Wear is said to not offer enough for mass adoption, even though its been in the market for over 9 months. I personally have a Gear Live which I purchased 8 months ago, and my experience with it has had its ups and downs throughout my time with it. For the longest time, I was not able to recommend the platform to anyone. Since then, a lot of updates have hit Wear watches, some improving battery life, others changing the...
Flash Custom ROM and Recovery to Samsung Galaxy S 4
After reading about Dan Rosenberg’s bootloader exploit for the Samsung Galaxy S 4, I figured it would not be long before someone would craft a package for loading custom ROMs. Of course, I shouldn’t be surprised that Dan is the one who figured it out.
You may know him better as XDA Recognized Developer Djrbliss. In his original thread, you’ll learn about the Loki package he put together to load custom recovery and ROM images into AT&T and Verizon variants of the GS4. The device must already be rooted, but he links to guides that can walk you through that as well.
There are a couple of caveats to the exploit. The first is that it will be very easy for the carriers to patch against it, so avoid OTA updates unless you know they don’t contain a patch. The second is that the Loki package is intended for developers, which means it’s not just a one-click operation. Having looked through the code repositories, it does look like a very straightforward set of command line operations, so don’t be scared off either.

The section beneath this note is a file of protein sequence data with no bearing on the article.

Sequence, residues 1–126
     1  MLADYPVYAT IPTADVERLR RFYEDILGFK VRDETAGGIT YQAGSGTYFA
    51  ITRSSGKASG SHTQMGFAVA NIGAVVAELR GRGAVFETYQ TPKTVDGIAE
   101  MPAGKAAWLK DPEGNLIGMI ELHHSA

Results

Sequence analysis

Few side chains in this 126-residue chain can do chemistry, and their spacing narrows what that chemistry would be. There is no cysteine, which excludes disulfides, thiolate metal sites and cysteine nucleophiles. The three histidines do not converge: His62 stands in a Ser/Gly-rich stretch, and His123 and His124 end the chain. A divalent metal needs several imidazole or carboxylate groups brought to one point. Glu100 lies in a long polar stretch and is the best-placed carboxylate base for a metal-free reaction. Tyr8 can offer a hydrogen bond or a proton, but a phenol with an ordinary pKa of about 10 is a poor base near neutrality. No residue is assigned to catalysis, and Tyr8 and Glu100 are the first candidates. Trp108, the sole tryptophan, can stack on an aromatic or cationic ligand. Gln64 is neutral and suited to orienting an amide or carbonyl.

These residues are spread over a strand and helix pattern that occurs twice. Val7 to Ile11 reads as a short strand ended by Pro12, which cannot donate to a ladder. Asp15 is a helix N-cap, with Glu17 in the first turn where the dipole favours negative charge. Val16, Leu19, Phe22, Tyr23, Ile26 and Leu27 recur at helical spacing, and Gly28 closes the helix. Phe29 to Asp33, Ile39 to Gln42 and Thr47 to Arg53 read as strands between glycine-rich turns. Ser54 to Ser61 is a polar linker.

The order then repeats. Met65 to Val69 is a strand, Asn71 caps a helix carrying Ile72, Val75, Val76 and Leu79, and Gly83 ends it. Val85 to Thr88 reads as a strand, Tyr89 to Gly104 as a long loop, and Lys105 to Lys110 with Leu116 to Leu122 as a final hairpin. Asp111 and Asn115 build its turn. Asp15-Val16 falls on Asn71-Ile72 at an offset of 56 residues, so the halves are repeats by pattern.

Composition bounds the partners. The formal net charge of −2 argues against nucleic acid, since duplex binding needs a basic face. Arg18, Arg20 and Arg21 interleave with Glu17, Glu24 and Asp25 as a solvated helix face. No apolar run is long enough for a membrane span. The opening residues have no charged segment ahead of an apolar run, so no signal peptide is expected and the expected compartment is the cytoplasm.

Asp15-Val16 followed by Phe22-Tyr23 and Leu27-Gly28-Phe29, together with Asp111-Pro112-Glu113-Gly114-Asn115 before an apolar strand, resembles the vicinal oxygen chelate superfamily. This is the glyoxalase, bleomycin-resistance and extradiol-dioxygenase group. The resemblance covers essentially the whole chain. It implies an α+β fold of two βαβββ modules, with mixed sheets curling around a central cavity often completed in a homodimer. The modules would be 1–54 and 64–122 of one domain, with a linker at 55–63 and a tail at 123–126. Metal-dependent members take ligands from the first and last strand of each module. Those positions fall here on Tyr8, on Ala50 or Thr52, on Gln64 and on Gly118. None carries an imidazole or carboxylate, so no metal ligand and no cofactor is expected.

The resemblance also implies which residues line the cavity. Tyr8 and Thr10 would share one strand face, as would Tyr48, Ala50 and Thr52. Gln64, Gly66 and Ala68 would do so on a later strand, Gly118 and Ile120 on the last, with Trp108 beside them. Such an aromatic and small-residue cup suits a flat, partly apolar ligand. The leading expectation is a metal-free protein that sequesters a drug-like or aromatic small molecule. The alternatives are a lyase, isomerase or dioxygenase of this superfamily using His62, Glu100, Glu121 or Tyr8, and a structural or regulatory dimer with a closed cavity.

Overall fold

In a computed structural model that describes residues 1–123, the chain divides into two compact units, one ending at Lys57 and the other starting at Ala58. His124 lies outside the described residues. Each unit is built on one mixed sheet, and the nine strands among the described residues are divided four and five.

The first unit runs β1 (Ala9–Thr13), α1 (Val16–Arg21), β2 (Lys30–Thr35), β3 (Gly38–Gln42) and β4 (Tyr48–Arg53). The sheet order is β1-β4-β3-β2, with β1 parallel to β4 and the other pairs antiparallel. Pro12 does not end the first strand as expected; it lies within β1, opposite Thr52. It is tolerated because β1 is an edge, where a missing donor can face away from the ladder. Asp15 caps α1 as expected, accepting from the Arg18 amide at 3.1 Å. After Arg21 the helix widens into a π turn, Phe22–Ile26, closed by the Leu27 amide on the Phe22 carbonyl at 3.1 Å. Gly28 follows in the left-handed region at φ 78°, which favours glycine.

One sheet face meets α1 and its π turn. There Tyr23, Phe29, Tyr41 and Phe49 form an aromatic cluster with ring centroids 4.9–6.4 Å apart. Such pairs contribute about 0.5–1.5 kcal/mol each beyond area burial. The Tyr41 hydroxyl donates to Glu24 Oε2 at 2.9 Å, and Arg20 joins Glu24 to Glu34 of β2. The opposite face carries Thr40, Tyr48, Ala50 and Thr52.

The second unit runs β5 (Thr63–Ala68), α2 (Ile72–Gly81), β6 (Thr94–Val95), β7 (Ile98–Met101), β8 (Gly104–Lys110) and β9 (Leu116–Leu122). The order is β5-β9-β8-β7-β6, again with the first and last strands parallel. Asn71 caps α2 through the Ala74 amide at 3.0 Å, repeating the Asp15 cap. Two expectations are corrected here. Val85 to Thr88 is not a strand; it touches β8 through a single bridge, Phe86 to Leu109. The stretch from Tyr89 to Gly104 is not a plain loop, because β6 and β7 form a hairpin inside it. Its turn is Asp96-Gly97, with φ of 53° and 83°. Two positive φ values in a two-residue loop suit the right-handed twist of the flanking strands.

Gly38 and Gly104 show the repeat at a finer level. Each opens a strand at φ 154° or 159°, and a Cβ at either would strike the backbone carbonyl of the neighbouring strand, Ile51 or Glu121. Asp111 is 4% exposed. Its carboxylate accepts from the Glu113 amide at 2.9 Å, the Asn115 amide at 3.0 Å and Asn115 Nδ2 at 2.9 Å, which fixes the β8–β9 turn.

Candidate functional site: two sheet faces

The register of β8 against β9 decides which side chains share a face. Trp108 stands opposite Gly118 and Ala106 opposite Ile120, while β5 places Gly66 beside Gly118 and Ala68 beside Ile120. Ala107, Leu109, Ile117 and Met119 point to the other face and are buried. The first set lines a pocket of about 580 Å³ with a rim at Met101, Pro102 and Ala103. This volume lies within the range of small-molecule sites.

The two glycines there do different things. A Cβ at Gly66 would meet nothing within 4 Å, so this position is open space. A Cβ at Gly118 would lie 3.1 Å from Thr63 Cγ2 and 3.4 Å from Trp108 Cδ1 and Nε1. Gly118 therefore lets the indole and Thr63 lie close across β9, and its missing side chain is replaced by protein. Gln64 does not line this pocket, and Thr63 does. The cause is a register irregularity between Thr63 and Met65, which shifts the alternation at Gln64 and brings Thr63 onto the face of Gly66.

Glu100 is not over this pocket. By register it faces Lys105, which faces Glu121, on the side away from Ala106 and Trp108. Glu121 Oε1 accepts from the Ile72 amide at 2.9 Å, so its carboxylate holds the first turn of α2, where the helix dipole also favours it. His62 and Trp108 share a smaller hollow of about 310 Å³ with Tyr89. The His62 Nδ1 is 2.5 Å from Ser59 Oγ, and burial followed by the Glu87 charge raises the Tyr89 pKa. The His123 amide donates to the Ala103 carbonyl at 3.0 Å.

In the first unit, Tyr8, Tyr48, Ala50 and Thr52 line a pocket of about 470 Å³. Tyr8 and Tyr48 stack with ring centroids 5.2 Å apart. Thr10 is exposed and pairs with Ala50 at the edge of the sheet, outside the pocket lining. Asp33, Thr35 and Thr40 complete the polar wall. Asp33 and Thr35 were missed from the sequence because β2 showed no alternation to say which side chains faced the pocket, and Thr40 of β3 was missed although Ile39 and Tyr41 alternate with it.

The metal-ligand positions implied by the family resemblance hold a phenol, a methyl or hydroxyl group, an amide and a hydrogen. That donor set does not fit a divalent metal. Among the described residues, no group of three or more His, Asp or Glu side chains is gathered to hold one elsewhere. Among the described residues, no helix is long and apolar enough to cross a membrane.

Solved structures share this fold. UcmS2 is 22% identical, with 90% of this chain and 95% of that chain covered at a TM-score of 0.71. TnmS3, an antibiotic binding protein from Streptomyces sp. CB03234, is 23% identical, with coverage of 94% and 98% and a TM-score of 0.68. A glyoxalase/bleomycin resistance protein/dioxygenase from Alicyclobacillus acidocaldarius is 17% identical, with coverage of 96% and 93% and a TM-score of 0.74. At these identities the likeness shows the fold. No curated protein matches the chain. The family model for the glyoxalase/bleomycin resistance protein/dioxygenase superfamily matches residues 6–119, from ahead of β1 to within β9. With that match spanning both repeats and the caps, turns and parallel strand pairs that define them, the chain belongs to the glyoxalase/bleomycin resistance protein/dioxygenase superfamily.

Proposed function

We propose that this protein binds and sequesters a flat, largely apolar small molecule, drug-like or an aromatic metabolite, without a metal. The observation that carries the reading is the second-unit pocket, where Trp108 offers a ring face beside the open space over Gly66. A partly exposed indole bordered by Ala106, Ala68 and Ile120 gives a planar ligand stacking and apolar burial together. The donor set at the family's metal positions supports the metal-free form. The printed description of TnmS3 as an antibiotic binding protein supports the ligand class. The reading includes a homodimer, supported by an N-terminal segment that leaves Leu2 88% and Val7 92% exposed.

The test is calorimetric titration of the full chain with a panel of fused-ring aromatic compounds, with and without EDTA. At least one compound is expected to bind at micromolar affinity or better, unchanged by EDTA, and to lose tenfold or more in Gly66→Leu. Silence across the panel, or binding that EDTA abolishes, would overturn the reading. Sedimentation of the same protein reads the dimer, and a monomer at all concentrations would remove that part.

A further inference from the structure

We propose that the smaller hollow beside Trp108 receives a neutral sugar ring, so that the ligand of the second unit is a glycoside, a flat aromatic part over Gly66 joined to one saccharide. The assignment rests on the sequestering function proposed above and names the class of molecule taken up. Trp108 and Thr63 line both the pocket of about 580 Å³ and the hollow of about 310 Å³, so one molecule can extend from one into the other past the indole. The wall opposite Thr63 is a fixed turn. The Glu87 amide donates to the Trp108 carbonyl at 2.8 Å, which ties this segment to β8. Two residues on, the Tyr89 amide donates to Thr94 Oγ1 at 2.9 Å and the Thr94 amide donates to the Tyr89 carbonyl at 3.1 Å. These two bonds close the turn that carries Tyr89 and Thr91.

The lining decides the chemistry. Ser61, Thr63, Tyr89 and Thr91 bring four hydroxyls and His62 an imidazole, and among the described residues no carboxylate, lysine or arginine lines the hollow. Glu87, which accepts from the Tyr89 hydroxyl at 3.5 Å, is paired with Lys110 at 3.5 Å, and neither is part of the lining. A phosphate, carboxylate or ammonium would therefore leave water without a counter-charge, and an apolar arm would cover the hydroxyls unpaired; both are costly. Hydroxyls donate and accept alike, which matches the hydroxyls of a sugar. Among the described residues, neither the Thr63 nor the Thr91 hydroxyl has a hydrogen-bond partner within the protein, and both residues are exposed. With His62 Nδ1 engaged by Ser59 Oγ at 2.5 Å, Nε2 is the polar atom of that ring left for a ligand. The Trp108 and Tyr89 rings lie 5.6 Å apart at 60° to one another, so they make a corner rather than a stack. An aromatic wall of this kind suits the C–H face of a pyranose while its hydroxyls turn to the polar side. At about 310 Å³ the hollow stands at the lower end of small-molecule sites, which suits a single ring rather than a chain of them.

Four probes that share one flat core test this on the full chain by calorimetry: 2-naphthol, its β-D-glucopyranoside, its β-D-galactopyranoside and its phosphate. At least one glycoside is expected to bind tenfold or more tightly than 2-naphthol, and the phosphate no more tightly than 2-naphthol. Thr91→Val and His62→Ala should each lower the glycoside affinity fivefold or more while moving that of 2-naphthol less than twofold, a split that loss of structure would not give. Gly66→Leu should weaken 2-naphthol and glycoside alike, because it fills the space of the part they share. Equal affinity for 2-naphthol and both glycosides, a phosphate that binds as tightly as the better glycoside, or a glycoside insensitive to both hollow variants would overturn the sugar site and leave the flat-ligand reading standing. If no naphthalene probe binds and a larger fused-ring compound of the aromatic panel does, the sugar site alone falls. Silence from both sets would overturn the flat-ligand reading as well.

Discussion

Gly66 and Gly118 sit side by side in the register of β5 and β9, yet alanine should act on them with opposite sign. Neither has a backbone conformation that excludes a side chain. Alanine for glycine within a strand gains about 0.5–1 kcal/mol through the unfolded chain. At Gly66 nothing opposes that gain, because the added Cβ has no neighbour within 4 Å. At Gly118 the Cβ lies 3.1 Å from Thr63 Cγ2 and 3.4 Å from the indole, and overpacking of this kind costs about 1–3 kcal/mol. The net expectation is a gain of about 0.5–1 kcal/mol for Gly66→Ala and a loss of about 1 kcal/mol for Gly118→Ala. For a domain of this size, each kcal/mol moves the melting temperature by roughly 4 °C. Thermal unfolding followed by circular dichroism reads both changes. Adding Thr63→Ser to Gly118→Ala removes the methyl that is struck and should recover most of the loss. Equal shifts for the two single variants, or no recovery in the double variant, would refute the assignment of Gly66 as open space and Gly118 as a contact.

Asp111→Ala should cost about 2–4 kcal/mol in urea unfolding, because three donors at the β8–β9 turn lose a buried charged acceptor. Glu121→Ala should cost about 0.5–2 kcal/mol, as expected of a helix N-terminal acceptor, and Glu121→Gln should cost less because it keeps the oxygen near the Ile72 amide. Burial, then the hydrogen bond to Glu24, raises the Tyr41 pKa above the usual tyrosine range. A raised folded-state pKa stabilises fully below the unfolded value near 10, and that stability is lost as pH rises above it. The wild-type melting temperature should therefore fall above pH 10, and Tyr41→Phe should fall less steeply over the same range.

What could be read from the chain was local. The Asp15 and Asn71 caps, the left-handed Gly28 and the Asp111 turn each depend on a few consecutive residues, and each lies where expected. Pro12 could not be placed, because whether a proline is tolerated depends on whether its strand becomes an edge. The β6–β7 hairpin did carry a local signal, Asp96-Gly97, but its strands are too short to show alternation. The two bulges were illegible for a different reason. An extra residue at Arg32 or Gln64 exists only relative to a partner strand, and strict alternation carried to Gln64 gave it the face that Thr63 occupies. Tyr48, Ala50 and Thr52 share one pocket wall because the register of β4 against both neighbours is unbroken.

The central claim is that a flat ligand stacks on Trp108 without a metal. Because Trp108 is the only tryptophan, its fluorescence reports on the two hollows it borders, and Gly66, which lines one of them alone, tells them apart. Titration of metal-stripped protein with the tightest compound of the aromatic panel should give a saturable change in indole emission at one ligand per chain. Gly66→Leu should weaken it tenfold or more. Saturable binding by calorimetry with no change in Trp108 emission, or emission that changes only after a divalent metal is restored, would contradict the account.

The exploit side steps the signature check when the phone launches a ROM. Dan found it when looking at the phones aboot partition. Searching for some of the strings found in his disassembly, he discovered it’s nearly identical to the Little Kernel open source bootloader. This made it significantly easier to figure out how the boot process works. It turns out that the signature check function is written to memory during the boot process. His exploit overwrites this code to return a confirmation that the ROM is signed even though it is not.
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SlimRoms' website has been experiencing technical difficulties for the last month or so, but it's good to know the team is working hard and is still on top of things. The SlimRoms GitHub repos are getting updated with some major changes showing up. Most notably, some projects are getting a new 5.1 branch: lp5.1! A new, revamped and open source website is also in the works, with a look inspired by material design. We also got a tip about an...
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